Marketing Your Dog

In full-throated summer, colorful, chaotic farmers markets offer a hot weather oasis where you can shop for locally produced, organically grown corn while your dog is torn apart by vicious, unsupervised hellhounds.

While such incidents are common, no one is to blame except municipal leaders, irresponsible pet owners, the National Farm Community, the National Farm Hired Hand Community, and whoever was assigned to refresh the public water bowl.

Farmers market animal control rules would be more effective directed to dogs, not Giants.
Farmers market animal control rules would be more effective directed
at dogs, not Giants.
To be fair, farmers market organizers try to protect dogs and their Giants by establishing a list of rules of pet behavior, then posting them on event signs and websites. Often these guidelines feature humorous titles like, “Doggie DoDo’s and Don’ts,” sport cartoonish canine images, and are loosely based on the American Articles of Confederation ratified in 1781 by 13 states, but only three dogs.

Hoping to appeal to the broadest swath of market attendees, these rules walk a fine line between threatening and dangerous, often leading with such thoughtful headlines as, “Don’t make us shoot your dog!” or “Hey! I got yer’ retractable leash, right HERE!”

Best to avoid those farmers markets. And towns.

On entering the market after proving to security that your empty tote bag is, indeed, empty, your dog is an American citizen, and you are not assigned to refresh the public water bowl, prepare yourself to experience a festival that is equal parts Mardi Gras and the Running of the Bulls. Unfortunately on the same street.

GIANT 1: “Wow! Check out those melons!”

GIANT 2: “My God, Dave, she’s young enough to be your daughter!”

GIANT 1: “The watermelons! Look at the watermelons!”

GIANT 2: “Ohhhh… Yeah, let’s get a couple.”

BUDLEIGH: “Can we live here?”

BRISBY: “I wanna live over there! By that big table where they’re dropping stuff.”

BUDLEIGH: “I can make any table drop stuff.”

GIANT 2: “Damnit, Budleigh. Heel! HEEL! Dave, grab my melons!”

GIANT 1: “Hahahahaha!”

GIANT 2: “Great! Well, now we have to get more melons. Preferable from the other side of the market.”

BUDLEIGH: “Yummy melon!”

BRISBY: “Yes, tastes very local. And organically grown.”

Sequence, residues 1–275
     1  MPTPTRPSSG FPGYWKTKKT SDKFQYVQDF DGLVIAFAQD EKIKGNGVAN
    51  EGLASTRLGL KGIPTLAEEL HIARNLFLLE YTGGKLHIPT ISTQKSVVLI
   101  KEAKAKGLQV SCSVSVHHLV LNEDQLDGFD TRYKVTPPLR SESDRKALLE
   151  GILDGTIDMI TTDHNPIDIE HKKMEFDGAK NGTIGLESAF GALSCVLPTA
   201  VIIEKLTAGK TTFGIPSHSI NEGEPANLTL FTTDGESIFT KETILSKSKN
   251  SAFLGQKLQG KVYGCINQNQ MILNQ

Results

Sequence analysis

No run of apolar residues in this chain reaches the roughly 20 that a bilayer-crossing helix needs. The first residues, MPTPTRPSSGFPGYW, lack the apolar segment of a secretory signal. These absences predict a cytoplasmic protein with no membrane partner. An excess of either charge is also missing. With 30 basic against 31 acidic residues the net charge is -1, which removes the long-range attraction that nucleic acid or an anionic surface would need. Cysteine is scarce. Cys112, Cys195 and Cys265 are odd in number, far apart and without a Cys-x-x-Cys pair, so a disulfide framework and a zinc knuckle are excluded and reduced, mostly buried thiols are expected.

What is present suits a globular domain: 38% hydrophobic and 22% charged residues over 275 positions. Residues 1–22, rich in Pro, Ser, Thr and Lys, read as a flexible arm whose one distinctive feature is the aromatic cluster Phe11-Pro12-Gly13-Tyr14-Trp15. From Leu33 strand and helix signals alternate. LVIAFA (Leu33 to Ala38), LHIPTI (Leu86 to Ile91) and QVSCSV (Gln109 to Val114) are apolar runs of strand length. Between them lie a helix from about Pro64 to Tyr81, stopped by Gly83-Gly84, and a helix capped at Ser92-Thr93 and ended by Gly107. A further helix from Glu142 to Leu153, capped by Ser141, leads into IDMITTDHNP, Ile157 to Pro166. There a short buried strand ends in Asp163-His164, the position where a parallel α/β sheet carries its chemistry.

STRAY PB/R/B MIX: “I’m gonna kill you!”


BRISBY: “But there’s all this melon!”

STRAY PB/R/B MIX: “Kidding! Hey, see that guy over there? He’s handing out cheese.”

BRISBY: “Is…is he God?”

STRAY PB/R/B MIX: “Don’t know. But if we trip him with your leashes, he’ll spill his cheese. Then I can kill him!”


STRAY PB/R/B MIX: “Sorry! Reflex. I meant eat his cheese.”

BRISBY: “Worth a try.”

GIANT 1: “Budleigh! Brisby! Get away from that dog!”

GIANT 2: “Come back here! Heel! HEEL!”

STRAY’S OWNER: “Hey! What’re ya’ doin’ to Kong?”

GIANT: 1: “Listen, buddy. Your…Kong’s running loose. He should be leashed.”

STRAY’S OWNER: “Yeah? Well, I got yer’ leash, right HERE!”

BUDLEIGH: “Seriously? He calls you Kong?”

STRAY PB/R/B MIX: “Yeah. It’s a Giant thing.”


Sleeping between Giants welcomes your comments. Probably….

2 thoughts on “Marketing Your Dog

  1. I learn so many things from reading this column. I can’t tell you how long I’ve believed that FIVE dogs actually ratified the Articles of Confederation–I feel so stupid now. By the way, step away from the melons and no one gets hurt! Another home run with this post!

    1. Thanks, Lee! Because so many of my readers are young children, I try to pepper my columns with revealing and historically accurate facts. Did you know that one of those three signatory dogs was named Repub-Licky and the pet of Founding Father Monroe Doctrine? Repub-Licky often ran loose among the gathered members of the Second Continental Congress, inspiring them to form a “Republic.” Also running off with their writing quills, which drastically slowed the ratification process. Remember Repub-Licky!

      (Singing) The More you KNOW!


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